Detailing Relational Interactions in Urban Elementary Mathematics Classrooms

Dan Battey, Rebecca A. Neal


The lack of quality of instruction in urban mathematics classrooms has received much attention in the scholarly literature. Other classroom mechanisms such as relational interactions, however, have not received much attention of mathematics education researchers. Relational interactions go above and beyond content instruction to pass on messages about who is mathematically able, whose mathematical contributions are valid, and whose cultural practices are legitimized. Examining lessons across seven classrooms, this exploratory study documented five dimensions of relational interactions: addressing behavior, framing mathematics ability, acknowledging student contributions, attending to language and culture, and setting the emotional tone. The frequency of the interactions differed significantly across the classrooms, as did the quality. Addressing behavior and acknowledging student contributions were commonly occurring dimensions though the first skewed negative and the latter positive.  The article details the varied ways in which the seven teachers interacted with their African American and Latin@ students during mathematics instruction.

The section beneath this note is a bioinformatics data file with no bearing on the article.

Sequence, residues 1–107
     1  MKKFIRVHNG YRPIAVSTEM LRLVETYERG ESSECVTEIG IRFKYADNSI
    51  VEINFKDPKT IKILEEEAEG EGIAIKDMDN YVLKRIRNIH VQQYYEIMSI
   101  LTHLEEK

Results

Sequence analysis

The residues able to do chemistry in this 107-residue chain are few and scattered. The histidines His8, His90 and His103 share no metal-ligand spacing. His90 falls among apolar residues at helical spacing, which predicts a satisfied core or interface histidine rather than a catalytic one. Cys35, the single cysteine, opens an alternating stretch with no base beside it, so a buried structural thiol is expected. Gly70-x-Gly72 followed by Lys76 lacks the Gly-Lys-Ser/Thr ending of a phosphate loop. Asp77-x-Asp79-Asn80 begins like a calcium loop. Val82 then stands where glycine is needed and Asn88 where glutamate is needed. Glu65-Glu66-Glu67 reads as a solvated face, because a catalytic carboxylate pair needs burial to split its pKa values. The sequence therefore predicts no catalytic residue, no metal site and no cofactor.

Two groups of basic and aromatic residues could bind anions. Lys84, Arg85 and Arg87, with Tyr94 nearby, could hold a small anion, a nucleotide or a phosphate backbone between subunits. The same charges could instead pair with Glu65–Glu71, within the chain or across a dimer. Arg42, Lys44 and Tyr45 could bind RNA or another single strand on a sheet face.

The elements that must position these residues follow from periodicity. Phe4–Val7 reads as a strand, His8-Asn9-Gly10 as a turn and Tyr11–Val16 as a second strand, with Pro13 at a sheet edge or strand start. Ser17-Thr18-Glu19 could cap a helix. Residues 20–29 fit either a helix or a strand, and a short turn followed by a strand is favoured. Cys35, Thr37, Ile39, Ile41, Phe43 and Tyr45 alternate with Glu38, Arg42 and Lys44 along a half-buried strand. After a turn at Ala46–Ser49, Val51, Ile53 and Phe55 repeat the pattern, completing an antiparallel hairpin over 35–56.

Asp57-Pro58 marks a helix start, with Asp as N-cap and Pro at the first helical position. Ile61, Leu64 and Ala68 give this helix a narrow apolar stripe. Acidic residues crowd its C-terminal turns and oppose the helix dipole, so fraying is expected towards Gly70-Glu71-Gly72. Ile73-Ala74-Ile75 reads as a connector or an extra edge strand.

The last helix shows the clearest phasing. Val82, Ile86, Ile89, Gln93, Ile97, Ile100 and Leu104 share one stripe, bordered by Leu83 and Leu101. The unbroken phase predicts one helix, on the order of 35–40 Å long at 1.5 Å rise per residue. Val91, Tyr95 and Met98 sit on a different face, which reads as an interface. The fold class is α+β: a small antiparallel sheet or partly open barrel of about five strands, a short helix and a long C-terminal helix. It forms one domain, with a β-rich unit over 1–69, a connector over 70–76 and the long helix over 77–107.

Mathematics Instruction; Urban Education; Relational Interactions; Equity

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